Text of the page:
From big organisations to small, all companies are facing one common question: how to keep our employees happy? The answer to this is not simple, but it is all about understanding the needs and expectations of the employees.
Charles Darwin brought forth the theory of biological evolution, which stated that all species arise and then develop through the natural selection of small, inherited variations increasing the individual's ability to compete, survive, and reproduce. The mechanism of this natural selection is termed as ‘Survival of the Fittest’.
When I first thought of growth and evolution of employee benefits, survival of the fittest is what came to my mind. It has two connotations to it - survival of the best employees as well as long-term sustainability and evolution of the of the fittest company.
We might look at these two aspects being independent, but today, companies are the fittest when they can not only retain their best employees but also make the other employees fit by training and nurturing them and aligning them to the larger picture, the vision of the company.
Initially, wages were the only benefit that was offered to the employee. Gradually, rewards and recognition became critical and, now, as the companies have realised the value that an employee brings in, this field has evolved manifold. Now employee benefits consist of many statutory benefits like gratuity, pension, PF, leaves as well as other benefits given by the employer, which extends upto flexible working hours, medical and health insurance, wellness sessions, recreational facilities etc.
Organisations have realised the importance of nurturing talent. They are now more aware that their show can go on only as long as the people (employees) are there to run it and even one erroneous employee benefits strategy could rattle their ship into troubled waters. Hence, taking care of employees is an important part of business plan and strategy.
We are in the midst of a digital transformation and employees are exposed to more and more information. With the innovation and increasing complexity in the employee benefits space, each organisation is competing to be the best work master in its domain.
Employees are also bombarded with information on media about ‘the best companies to work for and why?’, and companies to share their employees’ achievements on social platforms like LinkedIn and Facebook. Employees are sharing their achievements on social media as well, boasting about their job benefits. This leads to a sense of insecurity and dissatisfaction with the employees, especially when their expectations are not met. And not to forget, employee needs are fast changing and they are constantly looking for more.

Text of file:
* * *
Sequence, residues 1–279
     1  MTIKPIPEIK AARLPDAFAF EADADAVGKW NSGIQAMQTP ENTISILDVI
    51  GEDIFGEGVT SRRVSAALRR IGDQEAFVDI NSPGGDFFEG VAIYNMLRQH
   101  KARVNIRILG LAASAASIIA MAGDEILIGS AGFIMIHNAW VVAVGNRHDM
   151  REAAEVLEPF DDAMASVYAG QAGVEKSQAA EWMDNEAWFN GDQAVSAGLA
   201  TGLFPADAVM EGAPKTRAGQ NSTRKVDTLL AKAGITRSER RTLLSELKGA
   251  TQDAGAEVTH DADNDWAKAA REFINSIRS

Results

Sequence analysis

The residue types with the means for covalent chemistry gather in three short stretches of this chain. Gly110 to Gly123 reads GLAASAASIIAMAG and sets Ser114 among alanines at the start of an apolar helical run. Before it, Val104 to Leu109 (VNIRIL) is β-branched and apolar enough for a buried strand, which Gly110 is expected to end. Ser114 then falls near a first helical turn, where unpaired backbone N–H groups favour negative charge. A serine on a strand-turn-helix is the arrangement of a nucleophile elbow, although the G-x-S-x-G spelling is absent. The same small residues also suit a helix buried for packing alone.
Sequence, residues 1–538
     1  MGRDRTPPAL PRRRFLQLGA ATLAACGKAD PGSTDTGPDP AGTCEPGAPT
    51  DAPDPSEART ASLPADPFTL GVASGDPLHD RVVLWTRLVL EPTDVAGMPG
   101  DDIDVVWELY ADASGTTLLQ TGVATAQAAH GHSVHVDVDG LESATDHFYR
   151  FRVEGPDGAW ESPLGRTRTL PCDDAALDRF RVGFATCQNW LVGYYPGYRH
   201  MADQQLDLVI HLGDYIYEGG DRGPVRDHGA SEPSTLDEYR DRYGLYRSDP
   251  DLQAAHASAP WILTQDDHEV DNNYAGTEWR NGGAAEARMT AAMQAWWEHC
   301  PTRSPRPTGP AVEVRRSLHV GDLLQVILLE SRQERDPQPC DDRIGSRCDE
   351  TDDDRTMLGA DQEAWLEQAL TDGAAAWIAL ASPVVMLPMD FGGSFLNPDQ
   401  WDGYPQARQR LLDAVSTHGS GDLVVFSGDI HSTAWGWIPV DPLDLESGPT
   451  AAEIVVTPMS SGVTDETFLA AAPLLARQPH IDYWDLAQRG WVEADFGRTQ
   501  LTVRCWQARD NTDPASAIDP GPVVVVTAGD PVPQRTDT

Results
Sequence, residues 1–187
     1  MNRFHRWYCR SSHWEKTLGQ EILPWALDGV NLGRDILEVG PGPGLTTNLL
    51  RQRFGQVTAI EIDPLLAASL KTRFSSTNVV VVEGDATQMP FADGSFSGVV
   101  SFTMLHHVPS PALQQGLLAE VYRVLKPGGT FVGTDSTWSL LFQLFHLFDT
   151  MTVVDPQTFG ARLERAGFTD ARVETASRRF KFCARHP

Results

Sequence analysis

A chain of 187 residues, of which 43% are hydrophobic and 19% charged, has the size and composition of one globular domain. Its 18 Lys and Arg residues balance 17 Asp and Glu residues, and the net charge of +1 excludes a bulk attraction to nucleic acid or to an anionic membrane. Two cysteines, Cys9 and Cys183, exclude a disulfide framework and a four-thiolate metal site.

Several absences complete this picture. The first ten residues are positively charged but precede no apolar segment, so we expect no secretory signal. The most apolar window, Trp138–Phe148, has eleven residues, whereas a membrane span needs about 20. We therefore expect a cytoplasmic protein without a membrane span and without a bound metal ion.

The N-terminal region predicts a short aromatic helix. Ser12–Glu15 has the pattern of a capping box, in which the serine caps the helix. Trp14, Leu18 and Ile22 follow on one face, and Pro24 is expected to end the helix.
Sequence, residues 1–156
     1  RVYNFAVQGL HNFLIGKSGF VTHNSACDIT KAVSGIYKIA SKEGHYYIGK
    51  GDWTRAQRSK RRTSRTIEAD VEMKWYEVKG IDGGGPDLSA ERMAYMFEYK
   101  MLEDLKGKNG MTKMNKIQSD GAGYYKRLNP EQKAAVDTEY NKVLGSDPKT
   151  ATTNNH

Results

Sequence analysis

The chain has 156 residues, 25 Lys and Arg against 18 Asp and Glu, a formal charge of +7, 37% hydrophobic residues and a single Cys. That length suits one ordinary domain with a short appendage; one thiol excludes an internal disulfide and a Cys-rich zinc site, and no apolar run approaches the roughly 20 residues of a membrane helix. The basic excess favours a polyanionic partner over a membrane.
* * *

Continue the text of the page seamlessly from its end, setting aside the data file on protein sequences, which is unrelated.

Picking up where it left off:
Digitisation also has made job hunting easier. Finding a new job is now a matter of few clicks. Also, given the close-knit world and communication, it is easier for the companies to hunt good talent and acquire them.
So how does the company ensure that their employees are safeguarded? The answer is simple, understand the expectations of your employees, and align their expectations with the vision of the company.
Employers who provide retirement benefits should develop a communication strategy to raise awareness of the benefits and their values.
Flexi-benefits allows employees to choose the benefits they want or need from the various benefits offered by an employer. These plans may include health insurance, retirement benefits, and reimbursements that employees can use to pay for out-of-pocket health or dependent care expenses. In a flexible benefit plan, employees contribute to the cost of these benefits through a deduction in their salary before-tax, thus reducing the employer's contribution. In the short term, companies obviously benefit from sharing costs with employees. But a business may also choose to cap its future contributions to benefits by passing along increased costs to employees through these plans.
In a nutshell, there is no one key mantra of creating a best-suited employee benefits scheme. Companies and their decision-makers need to understand that there is no single solution-- the concept of one-size-fits-all cannot work. Employers need to be flexible enough to adapt their policies as per the employee’s needs depending on various factors like age, location, and understanding of issues. Else, the employees might not prefer or assign the same value to certain benefits. Strategic reviews and analysis of benefits can be used to help confirm the appropriateness of a particular initiative or indicate the need for an adjustment before any decision is taken.
Also, it is a myth to fulfill all the expectations of the employees. Then how can a company still ensure that the employees are productive, satisfied and happy? Well, the success lies in bridging the communication gap between the management and employees and being open and innovative in the approach. The organisation needs to be flexible with their benefit plans and probably even customise it as per the requirement of the employees. Flexi benefits, by and large, are being accepted well by both the employees and the employers, and it will evolve further.
(Disclaimer: The views and opinions expressed in this article are those of the author and do not necessarily reflect the views of YourStory.)